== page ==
CUMBERLAND — A financial impact analysis produced for the town suggests Cumberland grow its families with school-age children and increase affordable housing, among other recommendations.
The Cumberland Town Council heard details of the document – produced by Planning Decisions and Policy One Research – during a special meeting Nov. 12. The project examines patterns of development and related fiscal trends in town throughout the past decade.
“Cumberland remains a predominantly residential community,” said Charles Lawton, chief economist with Planning Decisions, in his presentation to the Town Council.
Still, growth has slowed, from 474 new dwelling units between 1981 and 1990, and 519 from 1991 to 2000, to 343 between 2001 and last year, Lawton said.
The nature of growth has also changed. Condominiums were 8 percent of all new dwelling units between 1981 and 1990, fell to 2 percent between 1991 and 2000, and rose to 34 percent this decade.
Lawton also pointed out that 38 percent of school enrollment this year comes from neighborhoods developed prior to 1980, while more recent developments see significantly lower percentages; 16 percent between 1997 and 2000 and 8 percent between 2001 and 2008.
School Administrative District 51, comprising Cumberland and North Yarmouth, saw a rise in enrollment in the late 1990s and early this decade to nearly 2,400 students. But enrollment dropped to less than 2,200 this fiscal year and is projected to decline to less than 1,800 in 10 years. To operate at the level of quality that exists today the district should have an enrollment of between 2,200 and 2,400, Lawton said.
“Cumberland was looking at increasing its capital capacity with the major growth in the ‘90s,” he said, noting that the capital is there, but the demand has decreased as enrollment has dwindled.
Lawton said that if Cumberland had maintained its fiscal 2008 enrollment of about 1,600 into the next fiscal year, when it lost 40 students, it could have enjoyed a local savings of nearly $387,000, thanks to additional state aid. This savings would be contingent on enrollment coming entirely from existing homes, and upon the school system including the additional students inside its existing capacity.
“In effect, the same programs could have been maintained at a lower cost to the community, had there been additional students,” Lawton said.
Community balance is the key to fiscal stability, he explained: enough new homes on connected roads, enough new children to enroll at the schools and enough new tax base on existing roads.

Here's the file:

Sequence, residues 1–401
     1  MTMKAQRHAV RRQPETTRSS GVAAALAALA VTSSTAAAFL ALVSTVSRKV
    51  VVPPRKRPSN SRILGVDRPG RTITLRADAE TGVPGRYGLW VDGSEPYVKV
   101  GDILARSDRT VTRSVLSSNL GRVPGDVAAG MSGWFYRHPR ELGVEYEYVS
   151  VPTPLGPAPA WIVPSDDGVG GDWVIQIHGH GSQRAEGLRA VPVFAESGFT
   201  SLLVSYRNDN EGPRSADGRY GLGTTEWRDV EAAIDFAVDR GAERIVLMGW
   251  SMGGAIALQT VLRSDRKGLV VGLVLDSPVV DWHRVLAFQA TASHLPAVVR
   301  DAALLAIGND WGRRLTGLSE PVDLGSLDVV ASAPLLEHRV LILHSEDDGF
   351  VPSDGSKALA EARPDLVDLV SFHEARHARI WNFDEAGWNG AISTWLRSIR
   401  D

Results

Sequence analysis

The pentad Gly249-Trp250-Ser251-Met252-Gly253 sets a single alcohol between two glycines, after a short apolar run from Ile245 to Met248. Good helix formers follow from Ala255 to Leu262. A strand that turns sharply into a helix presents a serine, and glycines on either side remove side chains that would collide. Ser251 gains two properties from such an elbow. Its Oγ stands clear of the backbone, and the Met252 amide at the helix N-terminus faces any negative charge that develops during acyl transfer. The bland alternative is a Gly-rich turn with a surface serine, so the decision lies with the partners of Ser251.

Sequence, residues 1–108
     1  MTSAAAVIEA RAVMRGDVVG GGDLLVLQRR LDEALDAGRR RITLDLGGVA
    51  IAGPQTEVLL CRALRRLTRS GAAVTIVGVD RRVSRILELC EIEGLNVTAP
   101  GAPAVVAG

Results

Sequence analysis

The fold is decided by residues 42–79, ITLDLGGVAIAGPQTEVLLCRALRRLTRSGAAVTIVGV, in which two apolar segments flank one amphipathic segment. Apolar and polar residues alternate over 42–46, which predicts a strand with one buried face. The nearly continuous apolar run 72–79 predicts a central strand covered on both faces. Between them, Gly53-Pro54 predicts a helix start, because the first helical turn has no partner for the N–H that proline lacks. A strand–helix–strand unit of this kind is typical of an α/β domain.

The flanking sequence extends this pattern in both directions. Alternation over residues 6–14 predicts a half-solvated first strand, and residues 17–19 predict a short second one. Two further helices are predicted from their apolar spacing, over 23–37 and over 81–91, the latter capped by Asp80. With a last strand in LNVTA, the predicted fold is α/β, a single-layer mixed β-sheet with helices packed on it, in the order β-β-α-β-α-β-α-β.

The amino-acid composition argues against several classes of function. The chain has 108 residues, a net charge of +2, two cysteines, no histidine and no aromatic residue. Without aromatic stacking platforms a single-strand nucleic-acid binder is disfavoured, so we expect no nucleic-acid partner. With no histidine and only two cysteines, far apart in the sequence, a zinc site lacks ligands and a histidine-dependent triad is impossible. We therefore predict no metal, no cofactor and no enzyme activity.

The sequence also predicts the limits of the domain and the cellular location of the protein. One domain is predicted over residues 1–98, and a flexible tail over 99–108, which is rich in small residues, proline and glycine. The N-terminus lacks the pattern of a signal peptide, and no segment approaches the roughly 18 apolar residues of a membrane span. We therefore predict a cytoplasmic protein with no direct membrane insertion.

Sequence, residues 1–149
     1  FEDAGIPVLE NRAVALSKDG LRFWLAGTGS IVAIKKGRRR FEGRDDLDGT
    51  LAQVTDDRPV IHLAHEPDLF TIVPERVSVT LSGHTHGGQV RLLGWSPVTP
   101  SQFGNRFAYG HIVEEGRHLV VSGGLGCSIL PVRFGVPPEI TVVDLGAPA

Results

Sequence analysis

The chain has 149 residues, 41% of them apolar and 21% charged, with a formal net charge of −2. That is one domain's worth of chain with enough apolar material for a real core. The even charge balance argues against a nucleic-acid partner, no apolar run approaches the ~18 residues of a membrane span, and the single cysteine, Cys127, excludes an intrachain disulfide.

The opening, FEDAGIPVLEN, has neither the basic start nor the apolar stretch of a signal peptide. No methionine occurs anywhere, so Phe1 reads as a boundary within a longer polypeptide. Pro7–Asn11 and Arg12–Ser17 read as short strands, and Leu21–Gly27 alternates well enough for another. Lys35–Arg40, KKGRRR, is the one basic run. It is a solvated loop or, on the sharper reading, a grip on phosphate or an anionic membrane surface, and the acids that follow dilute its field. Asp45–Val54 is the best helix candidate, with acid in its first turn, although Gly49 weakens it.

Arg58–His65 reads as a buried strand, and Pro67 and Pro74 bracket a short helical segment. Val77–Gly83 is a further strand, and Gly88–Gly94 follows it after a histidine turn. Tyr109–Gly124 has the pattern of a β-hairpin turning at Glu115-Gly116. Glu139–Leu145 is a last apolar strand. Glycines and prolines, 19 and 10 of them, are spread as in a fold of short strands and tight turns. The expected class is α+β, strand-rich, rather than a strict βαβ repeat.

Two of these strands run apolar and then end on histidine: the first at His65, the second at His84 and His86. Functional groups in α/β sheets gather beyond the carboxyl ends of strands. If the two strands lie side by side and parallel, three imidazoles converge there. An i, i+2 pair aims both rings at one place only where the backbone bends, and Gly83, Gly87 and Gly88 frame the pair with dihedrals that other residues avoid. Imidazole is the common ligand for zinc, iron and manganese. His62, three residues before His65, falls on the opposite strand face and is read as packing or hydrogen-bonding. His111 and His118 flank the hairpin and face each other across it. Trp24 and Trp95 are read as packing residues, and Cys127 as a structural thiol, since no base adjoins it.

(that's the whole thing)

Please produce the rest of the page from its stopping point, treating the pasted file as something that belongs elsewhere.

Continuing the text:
The report recommends Cumberland change its policies to encourage new child-friendly residential development, in-town housing turnover, and complementary commercial development, all within the town’s existing infrastructure network.
Reaction to the report was mixed.
Bob Vail, a member of the SAD 51 Board of Directors and a longtime Cumberland resident, pointed out that declining enrollments are occurring all over Maine, and expressed hesitance about the town changing any land use policy and encouraging development.
“More housing is not the answer,” he said. “We need to look at all our problems on a regional basis, and it can’t be fixed here in Cumberland, and certainly not by bulldozing our farm fields.”
Councilor George Turner echoed Vail’s sentiments about population decline being bigger than a Cumberland issue, saying also that Maine’s business incentives have been lacking in recent decades.
Councilor Mike Perfetti said he didn’t think the report called for any bulldozing of valuable land, but he pointed out that while Cumberland has undertaken many conservation initiatives and will continue to do so, not all land is worth conserving.
“Measured growth is an absolute must,” he said, “or we will wither on the vine.”
Housing prices in Cumberland are out of control, Councilor Jeff Porter said, adding that more affordable housing, like the Crossing Brook development, are necessary in order to welcome young families. He also expressed the need for increased senior housing. Crossing Brook added as many as 130 children to school enrollment at one point, which is down to about 100 now, Porter said.
Town Manager Bill Shane said the town-owned Doane Property is being eyed for a mixture of uses, including affordable housing. He noted that the report is not a “Holy Grail,” but rather a start to discussions about Cumberland maintaining its fiscal stability through community balance.
“I think, quite honestly, we’re at a crossroad,” Shane said, “and I think the conversation needs to begin today.”
Alex Lear can be reached at 373-9060 ext. 113 or email@example.com.